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    Materialistic Society in Novel “Never Let Me Go” by Kazuo Ishiguro

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    In a society such as the one we live in today, where people rely on technology in such a tremendous way, how long will it be until the development of science and technology becomes inhumane? People rely on material objects so much that we will not be able to identify the line between these material objects and the things we need and are helping society. In Never Let Me Go by Kazuo Ishiguro the concept of being seen as objects and relying too much on material objects is seen through the galleries, the sales, the obsession through the students’ artwork, and the clones being treated as just organs demonstrates the characters relying on materials in a materialistic society and treating others as inhumane. This needs to be focused on because we live in a world where this could be our future if people continue to become absorbed with materials and themselms.

    Historical critics seem to focus more on the background and the origin of the obsession with materials and the history of the inhumane treatment, two of my critics apply to this school of criticism. Critics such as Giorgio Agamben and Daniel Heller-Roazen focused on the traditions and studies of the Ancient Romans to understand the meaning of sacred and what it meant to the Romans. Karl Shaddox evaluated Ishiguro’s work by focusing on the history of the unfair treatment of the clones and whether or not they deserved human civil rights. Ishiguro wants the readers to question if it is okay or not for clones to be treated as such because they were made scientifically instead of naturally.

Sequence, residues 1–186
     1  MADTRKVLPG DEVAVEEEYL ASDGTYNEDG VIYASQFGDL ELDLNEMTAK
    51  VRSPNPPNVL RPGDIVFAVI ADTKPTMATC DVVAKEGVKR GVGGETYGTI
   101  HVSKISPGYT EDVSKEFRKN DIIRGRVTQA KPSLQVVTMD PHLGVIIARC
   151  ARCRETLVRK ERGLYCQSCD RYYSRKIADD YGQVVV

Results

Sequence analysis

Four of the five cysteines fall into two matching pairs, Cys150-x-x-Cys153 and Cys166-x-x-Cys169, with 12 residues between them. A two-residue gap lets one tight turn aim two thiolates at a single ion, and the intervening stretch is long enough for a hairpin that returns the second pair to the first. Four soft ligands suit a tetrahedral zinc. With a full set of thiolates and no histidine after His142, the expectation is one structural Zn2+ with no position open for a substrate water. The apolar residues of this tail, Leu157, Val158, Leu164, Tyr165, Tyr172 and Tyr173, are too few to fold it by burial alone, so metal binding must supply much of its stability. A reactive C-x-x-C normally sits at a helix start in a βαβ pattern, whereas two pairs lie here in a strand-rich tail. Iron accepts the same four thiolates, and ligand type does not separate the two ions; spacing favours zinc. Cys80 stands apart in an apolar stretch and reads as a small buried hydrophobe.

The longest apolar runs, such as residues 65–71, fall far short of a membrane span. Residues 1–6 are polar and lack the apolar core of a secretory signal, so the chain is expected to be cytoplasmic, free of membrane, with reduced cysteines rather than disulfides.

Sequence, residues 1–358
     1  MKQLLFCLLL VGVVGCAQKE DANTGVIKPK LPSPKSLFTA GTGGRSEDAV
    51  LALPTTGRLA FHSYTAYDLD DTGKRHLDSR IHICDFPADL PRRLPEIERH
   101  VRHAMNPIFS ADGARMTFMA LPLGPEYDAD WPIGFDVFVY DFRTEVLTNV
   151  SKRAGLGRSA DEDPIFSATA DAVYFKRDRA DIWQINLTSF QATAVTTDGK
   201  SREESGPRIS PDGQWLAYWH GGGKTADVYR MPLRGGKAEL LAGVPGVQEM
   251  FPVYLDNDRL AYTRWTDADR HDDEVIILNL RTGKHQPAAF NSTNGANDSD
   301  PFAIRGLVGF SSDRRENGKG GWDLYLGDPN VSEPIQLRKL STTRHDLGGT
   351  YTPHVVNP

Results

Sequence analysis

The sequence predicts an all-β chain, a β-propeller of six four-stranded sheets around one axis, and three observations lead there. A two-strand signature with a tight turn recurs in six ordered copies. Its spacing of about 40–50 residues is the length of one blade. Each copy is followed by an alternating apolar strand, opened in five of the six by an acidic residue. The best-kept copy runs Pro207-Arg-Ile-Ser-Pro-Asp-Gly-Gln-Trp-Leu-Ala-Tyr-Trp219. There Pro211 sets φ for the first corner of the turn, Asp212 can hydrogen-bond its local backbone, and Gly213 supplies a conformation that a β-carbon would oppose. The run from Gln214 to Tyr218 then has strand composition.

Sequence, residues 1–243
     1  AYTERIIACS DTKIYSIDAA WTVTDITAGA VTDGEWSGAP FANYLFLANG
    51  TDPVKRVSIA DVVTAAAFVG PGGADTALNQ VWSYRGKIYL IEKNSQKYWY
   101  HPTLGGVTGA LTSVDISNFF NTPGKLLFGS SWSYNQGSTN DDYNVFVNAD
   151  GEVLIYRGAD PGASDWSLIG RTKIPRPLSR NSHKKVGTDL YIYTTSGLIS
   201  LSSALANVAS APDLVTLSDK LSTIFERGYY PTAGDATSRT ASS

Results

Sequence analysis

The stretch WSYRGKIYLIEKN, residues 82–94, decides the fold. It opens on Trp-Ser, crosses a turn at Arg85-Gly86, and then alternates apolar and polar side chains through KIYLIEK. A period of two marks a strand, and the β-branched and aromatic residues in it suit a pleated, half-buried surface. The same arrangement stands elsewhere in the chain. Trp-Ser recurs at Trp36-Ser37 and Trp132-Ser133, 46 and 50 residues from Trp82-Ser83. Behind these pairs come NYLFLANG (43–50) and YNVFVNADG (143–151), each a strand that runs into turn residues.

Philosophical critics seem to go around comparing the positive and negative effects of a situation, two of my critics apply to this school of criticism. Critic, Robert Valle Acala focuses on the positive effect of forced organ donation with the negative effect of killing scientifically made humans. Ronald Schliefer focuses on the positive effects of materials by having memories and being able to connect and bond with the materials and the negative effects that they can have by shutting out your emotions and feelings and not being able to connect with other humans and making you incapable of actual interaction. Ishiguro makes readers take in the process of organ donations and the pain and suffering it causes all of the clones.

    Psychological critics consider the inner thoughts and mental damage that the author has placed on the characters, two of my critics fit into this school of criticism. Matthew Eatough and Marvin Mirsky mainly focus on the psychological toll and damage that can be caused by being a donor, especially a forced donor and the moral values that are violated. Ishiguro makes the donors have no freedom and live by strict laws so they never get a chance to live their own lives and that can be very damaging to a person’s confidence and mind.

    Archetypal critics consider all of the audiences finding things that people can create archetypes to and can relate to. Lisa Fluet is my only archetypal critic and she focuses on the immaterial labor of society that are enforced by the people of power which relates to the labor of organ donation by the government. Ishiguro mentions the involvement of the government through the project of clones and Hailsham to try and make the horrible thing of giving all of your organs till you die a little less horrible and it is an inescapable fate. Formalist critics analyze the plot, characterization, dialogue, etc. that the author has chosen to evaluate the theme and the meaning of the book. I have one formalist critic, Earl Ingersoll focuses on the importance of Kathy’s narrating and how Isghiguro uses her persona and life to communicate to the readers and audience.